The Temptation of Anxiety
Anxiety, or disquietude, is not merely a temptation itself, but it is a source from which and by which several other temptations arise. Sadness is that mental pain which is caused by the involuntary evils which affect us; whether they be external, such as poverty, sickness, and contempt; or whether they be inward, such as ignorance, dryness, aversion, and temptation. Thus when the soul is conscious of some such evil, she is dissatisfied because of it, and this produces sadness; forthwith she desires to be free from it, and seeks the means thereto; and so far she is right, for it is natural in us all to desire that which is good and avoid that which we hold to be evil.
If the soul seeks means of deliverance for the love of God, she will seek them with patience, gentleness, humility and calmness, rather awaiting such deliverance from the goodness and providence of God than from her own exertions, industry, or diligence. But if it is through self-love that she seeks deliverance, she will be eager and restless in the search of means thereto, as though it depended more on herself than on God. I do not say that she considers this to be so, but that she acts as though it were. Consequently, if she does not speedily find what she desires, she becomes impatient and greatly disturbed. This, instead of diminishing the original evil, makes it worse, and the soul is distressed and grieved beyond measure, her courage and strength failing, so that she believes her trouble to be irremediable. Thus you see how an uneasiness which in the beginning is justifiable, engenders disquietude, which in its turn brings on an increase of anxiety which is highly dangerous. Anxiety is the soul’s greatest enemy, sin only excepted.
Where Does Anxiety Come From?
Anxiety proceeds from an ill-regulated desire to be delivered from the evil we experience, or to acquire the good to which we aspire; nevertheless, nothing aggravates evil and hinders good so much as anxiety and worry. When birds are taken in a snare or net they cannot escape, because they flutter and make all kinds of disorderly exertions to get free, by means of which they do but entangle themselves the more. Therefore, if you earnestly desire to be delivered from some evil, or to attain to some good, above all things calm and tranquilize your mind, and compose your judgment and will; then quietly and gently pursue your aim, adopting suitable means with some method.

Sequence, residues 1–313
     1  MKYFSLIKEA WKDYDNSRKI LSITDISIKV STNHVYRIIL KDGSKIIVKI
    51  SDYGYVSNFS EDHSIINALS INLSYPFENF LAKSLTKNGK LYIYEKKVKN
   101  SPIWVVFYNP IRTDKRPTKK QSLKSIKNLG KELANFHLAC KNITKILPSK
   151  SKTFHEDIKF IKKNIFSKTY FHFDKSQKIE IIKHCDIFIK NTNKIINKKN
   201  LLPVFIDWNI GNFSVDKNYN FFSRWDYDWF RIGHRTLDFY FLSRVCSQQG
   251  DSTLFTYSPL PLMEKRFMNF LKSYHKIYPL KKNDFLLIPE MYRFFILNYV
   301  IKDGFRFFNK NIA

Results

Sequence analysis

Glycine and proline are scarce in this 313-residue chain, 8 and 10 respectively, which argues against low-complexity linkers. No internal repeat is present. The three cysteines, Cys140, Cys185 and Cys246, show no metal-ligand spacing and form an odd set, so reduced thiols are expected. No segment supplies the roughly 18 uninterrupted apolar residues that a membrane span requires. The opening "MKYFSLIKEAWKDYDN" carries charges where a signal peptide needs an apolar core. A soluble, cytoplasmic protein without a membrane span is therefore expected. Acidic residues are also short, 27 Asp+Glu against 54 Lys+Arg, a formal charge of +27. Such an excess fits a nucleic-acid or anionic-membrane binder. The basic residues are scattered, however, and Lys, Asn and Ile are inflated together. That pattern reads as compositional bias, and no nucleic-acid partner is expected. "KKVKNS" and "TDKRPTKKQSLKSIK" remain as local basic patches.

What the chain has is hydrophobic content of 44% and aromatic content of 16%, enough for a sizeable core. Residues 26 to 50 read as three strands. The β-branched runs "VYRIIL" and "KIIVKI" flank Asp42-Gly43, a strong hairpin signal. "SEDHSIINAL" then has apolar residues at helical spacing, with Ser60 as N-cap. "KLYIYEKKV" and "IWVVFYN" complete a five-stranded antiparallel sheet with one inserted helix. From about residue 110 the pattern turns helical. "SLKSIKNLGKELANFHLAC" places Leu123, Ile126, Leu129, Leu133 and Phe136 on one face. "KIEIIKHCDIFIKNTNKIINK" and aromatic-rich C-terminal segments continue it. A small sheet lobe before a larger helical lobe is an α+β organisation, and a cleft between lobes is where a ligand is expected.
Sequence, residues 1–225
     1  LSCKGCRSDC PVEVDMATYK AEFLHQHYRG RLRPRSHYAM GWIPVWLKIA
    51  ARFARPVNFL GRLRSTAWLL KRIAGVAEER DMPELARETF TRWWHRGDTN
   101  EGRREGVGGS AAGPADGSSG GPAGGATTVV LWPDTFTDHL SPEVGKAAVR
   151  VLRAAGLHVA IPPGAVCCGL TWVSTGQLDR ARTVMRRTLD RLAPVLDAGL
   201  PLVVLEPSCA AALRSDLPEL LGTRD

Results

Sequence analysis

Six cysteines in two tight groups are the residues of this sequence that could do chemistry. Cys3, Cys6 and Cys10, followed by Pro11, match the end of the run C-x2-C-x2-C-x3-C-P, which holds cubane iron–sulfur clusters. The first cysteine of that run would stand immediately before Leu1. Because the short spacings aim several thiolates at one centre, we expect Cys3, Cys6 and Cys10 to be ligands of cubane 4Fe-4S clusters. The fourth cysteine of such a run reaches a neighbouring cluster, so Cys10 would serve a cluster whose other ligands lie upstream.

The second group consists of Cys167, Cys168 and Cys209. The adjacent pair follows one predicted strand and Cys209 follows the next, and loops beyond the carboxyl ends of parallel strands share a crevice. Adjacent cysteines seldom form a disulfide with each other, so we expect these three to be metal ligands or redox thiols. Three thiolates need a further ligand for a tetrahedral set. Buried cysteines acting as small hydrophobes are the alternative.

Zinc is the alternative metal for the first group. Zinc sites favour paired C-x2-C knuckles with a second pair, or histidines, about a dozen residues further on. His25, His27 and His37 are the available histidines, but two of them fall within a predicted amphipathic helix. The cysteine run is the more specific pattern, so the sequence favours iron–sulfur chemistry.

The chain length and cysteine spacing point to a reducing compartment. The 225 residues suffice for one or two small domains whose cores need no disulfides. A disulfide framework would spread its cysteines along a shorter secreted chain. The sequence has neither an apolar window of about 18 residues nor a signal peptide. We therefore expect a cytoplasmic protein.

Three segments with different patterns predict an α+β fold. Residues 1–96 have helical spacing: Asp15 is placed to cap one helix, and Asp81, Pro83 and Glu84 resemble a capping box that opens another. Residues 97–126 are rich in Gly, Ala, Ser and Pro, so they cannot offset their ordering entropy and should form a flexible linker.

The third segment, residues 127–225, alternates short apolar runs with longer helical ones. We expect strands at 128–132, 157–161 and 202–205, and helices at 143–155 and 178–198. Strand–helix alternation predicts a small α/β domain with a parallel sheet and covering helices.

“My soul is continually in my hands: and I have not forgotten Thy law,” was the exclamation of David. (Ps. 118:109). Frequently during the day if you can, but at least night and morning, examine yourself whether your soul is in your hand, or if it has not been snatched thence by some passion or anxiety. Examine whether your heart is under your control, or if it has not escaped thence in pursuit of some ill-regulated emotion of love, hate, envy, lust, fear, vexation, or joy. And if it has strayed, before all things seek it, and softly lead it back into the presence of God; steadying your affections and desires under His guidance and in obedience to His holy Will. Just as those who fear to lose some precious treasure hold it carefully in their hand, so, imitating King David, we should always say, “My God, my soul is troubled, but it is always in my hand, therefore do I not forget Thy law.”
A Remedy for Anxiety
However small your desires may be, do not allow them to disquiet you, for if you do, they will be followed by greater and more important desires, which will find your heart more disposed to anxiety and disorder. When you feel disposed to worry, commend yourself to God, and resolve in no way to gratify your desire until your anxiety is entirely allayed: unless it concerns something which cannot be deferred, in which case you must gently and quietly restrain the course of your desire, softening and moderating it as much as possible, and, above all, acting not in accordance with your inclination, but with reason.
If you can disclose your anxiety to the guide of your soul, or at least to some pious and trustworthy friend, doubt not that you will be speedily relieved; for sympathy in the sufferings of the heart has the same effect upon the soul as bleeding upon the body of one laboring under grievous fever; it is the most effectual remedy. Thus St. Louis counseled his son, “If thy heart be ill at ease, hasten to open it to thy confessor, or to some pious person, and by means of his comfort thou wilt be enabled easily to bear thine affliction.”